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Sidney Review: Apple’s Reverent Documentary About the Life and Legacy of Sidney Poitier

Sidney is Sidney Poitier in his own words — and that’s what makes the Apple documentary such a fascinating and reverent look into the late actor’s life and legacy. Produced by Oprah Winfrey, Sidney made its world premiere at Toronto International Film Festival 2022. Per The Hollywood Reporter, co-producer Derik Murray first pitched the documentary to Poitier and his wife Joanna Shimkus back in the summer of 2018. In fall 2019, director Reginald Hudlin signed on, and then, in June 2020, Hudlin pitched the film to Winfrey and her team at Harpo via a Zoom call.

We all know Poitier’s movies, and Sidney certainly does an excellent job of tracing the Oscar-winner’s career. What most may not know — and what the documentary delves into with precision — is Poitier’s journey from growing up on a farm on Cat Island in The Bahamas to moving to Miami, and then New York, and navigating a world (and industry) that was predominantly white. Combining archival footage, Poitier’s own narration, anecdotes from his family, and exclusive interviews with legends in the entertainment industry inspired by the actor and his work, Sidney juxtaposes Poitier’s career against the backdrop of American history, culture, and politics.


Sidney opens with Poitier telling a story about how, at birth, he was not expected to live as a result of being born two months early. His narration, the distinct timbre of his voice ever so recognizable, plays over a montage of his career, from stills of his films and photographs of him on-set to magazine covers and other iconography that have become so associated with him (like the above image of him in an empty theater). An interesting juxtaposition, it may feel akin to an in memoriam reel, especially with Poitier’s death earlier this year — certainly, the documentary works as a tribute to the actor in this respect — but then, a few moments later, his face, in real-time, finally graces the screen. Suddenly, you’re reminded that we’re here, not because of his death, but because of his life. In this way, Sidney is an achievement in being an intimate portrait of a single, humble man who, against all odds, achieved the extraordinary.

Interviews with People Inspired by Poitier

According to Deadline, the “present-day” interviews with Poitier used in Sidney were actually taken from eight hours of footage he had filmed in 2012 for an episode of Oprah’s Master Class on OWN (which Winfrey revealed was not seen by many). It’s a powerful resource that serves Apple’s documentary well, especially when it comes to the more harrowing moments in Poitier’s life, like his encounters with the Klan or that time a white police officer in Florida pointed a gun to his head. A master storyteller, to hear the actor himself share his memories is nothing short of a gift to us and, what’s a more, a testament to Sidney and the team’s respect for Poitier. It’s his life and his story, after all. Indeed, interviews with Poitier’s first wife Juanita Hardy, his daughters, and those in the entertainment industry (from Halle Berry and Denzel Washington to Morgan Freeman and Winfrey herself) are largely there to fill in the blanks and give us a fuller scope of Poitier’s impact on those around him.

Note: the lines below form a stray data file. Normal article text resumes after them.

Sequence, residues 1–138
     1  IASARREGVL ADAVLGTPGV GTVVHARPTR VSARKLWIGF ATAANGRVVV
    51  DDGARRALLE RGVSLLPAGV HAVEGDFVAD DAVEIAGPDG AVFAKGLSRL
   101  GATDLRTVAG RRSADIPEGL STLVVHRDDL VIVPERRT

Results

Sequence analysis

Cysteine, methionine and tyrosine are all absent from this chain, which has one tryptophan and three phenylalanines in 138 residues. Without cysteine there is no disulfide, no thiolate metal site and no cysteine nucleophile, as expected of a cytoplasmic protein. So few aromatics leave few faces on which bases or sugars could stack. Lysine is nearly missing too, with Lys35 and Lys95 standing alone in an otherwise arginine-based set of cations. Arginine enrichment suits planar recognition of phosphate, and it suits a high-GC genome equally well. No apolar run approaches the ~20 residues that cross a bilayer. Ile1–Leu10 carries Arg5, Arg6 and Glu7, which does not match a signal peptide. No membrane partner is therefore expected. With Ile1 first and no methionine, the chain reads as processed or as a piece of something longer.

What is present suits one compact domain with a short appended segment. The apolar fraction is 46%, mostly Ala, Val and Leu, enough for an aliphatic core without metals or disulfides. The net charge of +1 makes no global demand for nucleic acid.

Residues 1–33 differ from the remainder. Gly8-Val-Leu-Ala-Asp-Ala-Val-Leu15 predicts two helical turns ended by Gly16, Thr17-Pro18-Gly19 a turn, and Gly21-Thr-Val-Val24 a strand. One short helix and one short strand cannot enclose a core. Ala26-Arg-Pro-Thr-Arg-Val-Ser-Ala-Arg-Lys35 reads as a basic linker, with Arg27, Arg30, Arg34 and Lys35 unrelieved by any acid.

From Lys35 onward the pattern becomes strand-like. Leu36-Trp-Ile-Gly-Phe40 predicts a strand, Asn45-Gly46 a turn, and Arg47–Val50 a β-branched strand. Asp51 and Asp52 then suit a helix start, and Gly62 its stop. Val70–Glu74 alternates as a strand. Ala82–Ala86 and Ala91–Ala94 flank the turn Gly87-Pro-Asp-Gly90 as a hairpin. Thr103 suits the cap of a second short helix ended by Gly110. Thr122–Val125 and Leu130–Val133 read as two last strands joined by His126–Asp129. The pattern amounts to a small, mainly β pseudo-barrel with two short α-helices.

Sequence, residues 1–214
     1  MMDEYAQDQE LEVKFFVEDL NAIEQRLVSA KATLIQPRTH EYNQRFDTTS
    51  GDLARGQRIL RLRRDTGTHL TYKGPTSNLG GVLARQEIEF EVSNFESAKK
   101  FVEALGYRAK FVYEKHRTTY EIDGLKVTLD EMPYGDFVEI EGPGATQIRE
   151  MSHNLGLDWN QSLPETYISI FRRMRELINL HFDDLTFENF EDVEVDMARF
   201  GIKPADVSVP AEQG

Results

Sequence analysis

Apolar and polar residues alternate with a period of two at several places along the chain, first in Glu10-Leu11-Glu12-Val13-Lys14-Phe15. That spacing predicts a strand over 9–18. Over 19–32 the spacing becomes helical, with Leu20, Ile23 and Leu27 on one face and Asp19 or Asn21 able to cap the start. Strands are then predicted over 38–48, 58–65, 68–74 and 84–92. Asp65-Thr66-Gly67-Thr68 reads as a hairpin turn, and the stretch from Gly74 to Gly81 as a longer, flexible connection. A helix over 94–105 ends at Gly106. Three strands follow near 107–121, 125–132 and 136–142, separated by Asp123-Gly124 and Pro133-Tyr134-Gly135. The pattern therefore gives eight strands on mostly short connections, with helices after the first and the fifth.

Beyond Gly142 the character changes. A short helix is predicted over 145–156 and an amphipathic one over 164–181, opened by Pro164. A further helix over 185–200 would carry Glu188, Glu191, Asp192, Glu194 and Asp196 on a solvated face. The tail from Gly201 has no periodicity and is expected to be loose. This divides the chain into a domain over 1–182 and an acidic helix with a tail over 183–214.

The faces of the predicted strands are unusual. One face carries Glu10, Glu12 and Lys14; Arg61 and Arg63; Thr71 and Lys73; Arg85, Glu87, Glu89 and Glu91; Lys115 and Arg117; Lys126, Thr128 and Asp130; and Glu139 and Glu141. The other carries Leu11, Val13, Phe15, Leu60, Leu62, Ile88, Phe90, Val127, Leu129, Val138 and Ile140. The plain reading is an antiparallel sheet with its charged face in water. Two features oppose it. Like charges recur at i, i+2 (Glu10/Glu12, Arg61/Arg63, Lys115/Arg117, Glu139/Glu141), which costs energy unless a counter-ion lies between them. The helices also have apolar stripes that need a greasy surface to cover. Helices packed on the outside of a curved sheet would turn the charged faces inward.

One significant moment in both Poitier’s life and Hollywood’s history that Sidney highlights, in fact, was the year he received an Honorary Academy Award in 2001. He had, of course, already won Best Actor in 1963 for Lilies of the Field, and was the first Black man to win the coveted statuette (and the second-ever Black actor to win an Oscar after Hattie McDaniel in 1939). However, the same year he received the Honorary Academy Award, both Berry and Washington notably went on to win Best Actress and Best Actor, respectively. In Sidney, both actors reveal how momentous that night was for each of them, having been inspired by Poitier’s movies growing up and seeing him forge a path for himself in Hollywood at a time when Black actors were cornered into playing stereotypes or caricatures of themselves and undervalued as artists.

Related: Best Sidney Poitier Movies, Ranked

Actor, Activist, and Revolutionary

Someone who forges through life, ultimately, is the picture of Poitier that Sidney succeeds in painting: a man carved out space for himself, his art, and, more significantly, for those who looked like him. As revered as he is for his work as an actor and entertainer, Poitier contributed greatly to the fight for civil rights. Another significant moment that Sidney highlights is the time he turned down a role in The Phenix City Story, which would go on to become a critical and commercial hit because it didn’t align with how he believed Black characters should have been depicted on-screen — a decision largely unheard of in 1950s Hollywood, when roles for Black actors were few and far between. And yet, he stayed true to his beliefs. These days, “revolutionary” is a word that gets thrown around and carelessly tacked on to a lot of things, but it is precisely the best word to describe Poitier as an artist and activist. Sidney triumphs in reminding us of why exactly that is.

Sidney premieres on AppleTV+ and is available in select theaters on September 23.

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Photo by Xu Haiwei on Unsplash